'Upon the incorporation of Broadway, Investing caused the former to acquire from Fred F. French Operators, Inc. (hereinafter called 'operators'), a corporation wholly controlled by Investing, a contract for the purchase of the premises at 39 Broadway in New York City at a profit to Operators of $ 290,000.
'Further, it is alleged that all during Broadway's existence, Investing occupied with respect to the fund of $ 5,285,266.88, the affairs and activities of Broadway, conflicting positions calculated to impair its judgment as a fiduciary by acquiring voting control, permitting Operators to profit on the sale of the building, receiving commissions for underwriting the stock issue, appointing the Fred F. French Management Co., Inc. as managing agent of the building, charging fees for bookkeeping work, acquiring substantial participations in the Broadway mortgage, failing to purchase stock representing defaulted subscriptions and accepting its commission on such stock, and failing to cause the dissolution of Broadway when its financial condition became critical.
'All of these things were accomplished, it is alleged, by Investing's domination and control of Broadway through paid employees of Investing who were the incorporators of, and throughout the history of Broadway and still are, the officers and directors of Broadway.
'Upon these facts, the plaintiffs pray (First cause of action) that Investing be ordered to account for and pay $ 5,177,712.77, the amount by which the fund entrusted to it through the sale of stock has been depleted.
'The second cause of action, after repeating many of the allegations of the first, demands that Investing specifically perform the underwriting agreement under the terms of which Investing underwrote and undertook to sell for Broadway, or itself purchase, for the price of $ 100. per unit of one preferred and one common share, so much of the preferred and common stock as might be needed for the purchase by Broadway of the premises at 39 Broadway, the expenses of incorporation, adequate cash working capital, commissions and other expenses. 5,001 of the units so underwritten were only partly paid for by subscribers, Broadway receiving $ 114,566.88 as payment on account instead of the full $ 500,100. Which it would have received had there been no defaults. Investing, nevertheless, received its commissions on these units, and the total of $ 114,566.88 was at least $ 304,870.68 short of the amount required for the purposes set forth in the underwriting agreement.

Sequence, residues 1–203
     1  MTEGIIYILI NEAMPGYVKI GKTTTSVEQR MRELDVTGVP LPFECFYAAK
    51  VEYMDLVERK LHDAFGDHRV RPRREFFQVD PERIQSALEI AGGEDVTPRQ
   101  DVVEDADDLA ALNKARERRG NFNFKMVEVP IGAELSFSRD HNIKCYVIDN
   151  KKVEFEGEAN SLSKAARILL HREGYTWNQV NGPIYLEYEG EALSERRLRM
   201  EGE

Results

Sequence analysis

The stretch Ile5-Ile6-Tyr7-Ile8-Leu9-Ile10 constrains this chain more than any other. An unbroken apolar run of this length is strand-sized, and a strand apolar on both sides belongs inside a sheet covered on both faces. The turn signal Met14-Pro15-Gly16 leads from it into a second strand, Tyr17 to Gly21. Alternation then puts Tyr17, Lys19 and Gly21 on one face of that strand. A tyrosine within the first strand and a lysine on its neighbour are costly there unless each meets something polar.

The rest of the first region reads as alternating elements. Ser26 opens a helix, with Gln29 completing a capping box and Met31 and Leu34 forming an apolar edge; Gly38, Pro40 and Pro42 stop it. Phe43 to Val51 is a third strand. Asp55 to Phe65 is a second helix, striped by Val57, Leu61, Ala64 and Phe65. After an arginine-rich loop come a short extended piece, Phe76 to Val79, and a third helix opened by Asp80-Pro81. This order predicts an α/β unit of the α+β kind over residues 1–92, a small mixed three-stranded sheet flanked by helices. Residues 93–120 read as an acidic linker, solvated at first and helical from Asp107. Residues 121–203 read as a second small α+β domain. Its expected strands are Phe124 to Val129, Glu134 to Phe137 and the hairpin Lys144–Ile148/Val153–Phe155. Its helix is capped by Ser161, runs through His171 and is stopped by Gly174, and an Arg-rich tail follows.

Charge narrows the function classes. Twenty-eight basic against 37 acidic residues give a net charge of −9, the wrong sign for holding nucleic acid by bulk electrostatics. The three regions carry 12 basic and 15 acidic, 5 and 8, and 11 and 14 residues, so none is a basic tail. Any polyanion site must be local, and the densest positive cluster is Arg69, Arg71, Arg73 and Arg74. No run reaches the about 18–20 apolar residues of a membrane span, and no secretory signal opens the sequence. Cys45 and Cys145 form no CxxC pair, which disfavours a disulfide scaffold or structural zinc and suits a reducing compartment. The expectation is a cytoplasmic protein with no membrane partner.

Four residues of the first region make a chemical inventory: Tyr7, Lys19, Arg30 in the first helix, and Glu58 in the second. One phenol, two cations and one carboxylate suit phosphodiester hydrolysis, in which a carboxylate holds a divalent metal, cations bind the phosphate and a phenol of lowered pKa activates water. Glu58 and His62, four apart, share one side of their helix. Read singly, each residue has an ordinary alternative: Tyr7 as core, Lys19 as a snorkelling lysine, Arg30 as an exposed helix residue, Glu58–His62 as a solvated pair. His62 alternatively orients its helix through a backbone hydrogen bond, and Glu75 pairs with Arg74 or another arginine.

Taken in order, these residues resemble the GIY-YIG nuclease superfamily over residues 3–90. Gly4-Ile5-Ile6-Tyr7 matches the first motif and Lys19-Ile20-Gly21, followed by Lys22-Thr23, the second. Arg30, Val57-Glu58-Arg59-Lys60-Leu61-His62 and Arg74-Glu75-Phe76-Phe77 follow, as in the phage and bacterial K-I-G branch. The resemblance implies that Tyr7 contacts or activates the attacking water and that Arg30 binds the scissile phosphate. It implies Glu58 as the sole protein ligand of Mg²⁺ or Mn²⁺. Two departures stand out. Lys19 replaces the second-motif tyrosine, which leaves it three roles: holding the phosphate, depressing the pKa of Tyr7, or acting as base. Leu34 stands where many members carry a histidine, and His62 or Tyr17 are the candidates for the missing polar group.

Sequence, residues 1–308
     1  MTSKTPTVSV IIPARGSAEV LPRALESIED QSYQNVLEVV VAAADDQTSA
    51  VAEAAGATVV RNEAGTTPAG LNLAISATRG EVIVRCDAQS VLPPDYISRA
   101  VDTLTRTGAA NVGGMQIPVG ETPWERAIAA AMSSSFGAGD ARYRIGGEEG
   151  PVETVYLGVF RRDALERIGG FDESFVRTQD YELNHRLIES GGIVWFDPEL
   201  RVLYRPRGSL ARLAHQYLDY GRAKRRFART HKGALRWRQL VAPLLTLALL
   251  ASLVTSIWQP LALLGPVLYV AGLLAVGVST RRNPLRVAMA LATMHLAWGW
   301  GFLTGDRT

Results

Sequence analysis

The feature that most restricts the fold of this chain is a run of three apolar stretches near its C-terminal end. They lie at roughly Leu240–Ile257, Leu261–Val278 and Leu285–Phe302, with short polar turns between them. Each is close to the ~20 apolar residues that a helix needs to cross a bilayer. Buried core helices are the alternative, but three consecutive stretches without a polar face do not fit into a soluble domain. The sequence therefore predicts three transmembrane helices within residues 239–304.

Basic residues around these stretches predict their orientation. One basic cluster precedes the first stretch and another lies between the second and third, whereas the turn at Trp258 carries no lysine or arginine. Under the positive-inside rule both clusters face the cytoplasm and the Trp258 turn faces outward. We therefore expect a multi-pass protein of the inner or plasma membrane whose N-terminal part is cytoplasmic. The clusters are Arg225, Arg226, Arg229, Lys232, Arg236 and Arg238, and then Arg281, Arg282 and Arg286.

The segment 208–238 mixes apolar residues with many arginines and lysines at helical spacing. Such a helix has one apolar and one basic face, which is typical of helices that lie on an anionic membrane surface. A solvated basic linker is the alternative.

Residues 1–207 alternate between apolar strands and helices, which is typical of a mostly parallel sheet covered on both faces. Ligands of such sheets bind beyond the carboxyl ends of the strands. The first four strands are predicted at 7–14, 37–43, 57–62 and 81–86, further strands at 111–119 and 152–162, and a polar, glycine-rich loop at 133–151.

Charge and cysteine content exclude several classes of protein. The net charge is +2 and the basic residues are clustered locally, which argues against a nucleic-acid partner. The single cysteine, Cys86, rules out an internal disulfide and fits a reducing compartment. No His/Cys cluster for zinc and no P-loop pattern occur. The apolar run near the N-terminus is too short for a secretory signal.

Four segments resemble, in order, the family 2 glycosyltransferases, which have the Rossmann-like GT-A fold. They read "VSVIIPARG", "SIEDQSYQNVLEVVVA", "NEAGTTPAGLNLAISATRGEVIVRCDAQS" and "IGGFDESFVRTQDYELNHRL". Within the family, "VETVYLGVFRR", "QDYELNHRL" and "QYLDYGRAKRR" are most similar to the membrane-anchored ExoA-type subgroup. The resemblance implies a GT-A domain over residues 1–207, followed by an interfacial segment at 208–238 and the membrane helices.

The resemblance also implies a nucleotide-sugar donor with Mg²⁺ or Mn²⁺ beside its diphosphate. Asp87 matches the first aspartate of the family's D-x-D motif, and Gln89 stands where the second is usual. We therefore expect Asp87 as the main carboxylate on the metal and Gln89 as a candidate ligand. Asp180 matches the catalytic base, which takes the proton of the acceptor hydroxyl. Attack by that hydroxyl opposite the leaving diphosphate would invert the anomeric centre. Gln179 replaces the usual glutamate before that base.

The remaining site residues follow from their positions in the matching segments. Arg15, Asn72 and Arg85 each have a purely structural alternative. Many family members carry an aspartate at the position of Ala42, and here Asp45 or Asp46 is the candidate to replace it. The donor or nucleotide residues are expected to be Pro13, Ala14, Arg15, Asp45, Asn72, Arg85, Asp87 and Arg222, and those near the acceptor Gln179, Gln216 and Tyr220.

'The plaintiffs demand that Investing purchase the 5,001 defaulted units and pay therefor the sum of $ 500,100.
'It is with respect to the second cause of action that the plaintiffs ask leave to amend their complaint. This will be dealt with hereafter.
'The third cause of action, repeating and realleging many of the previous allegations of the complaint, demands that Investing and Operators be required to return to Broadway the sum of $ 290,000. the amount of profit made from the sale of 39 Broadway by reason of the concealment and misrepresentation of the interests of Investing and Operators in the property.
'It is alleged that the directors of Broadway acted upon orders of, and under the domination and control of, Investing in accepting the assignment of ...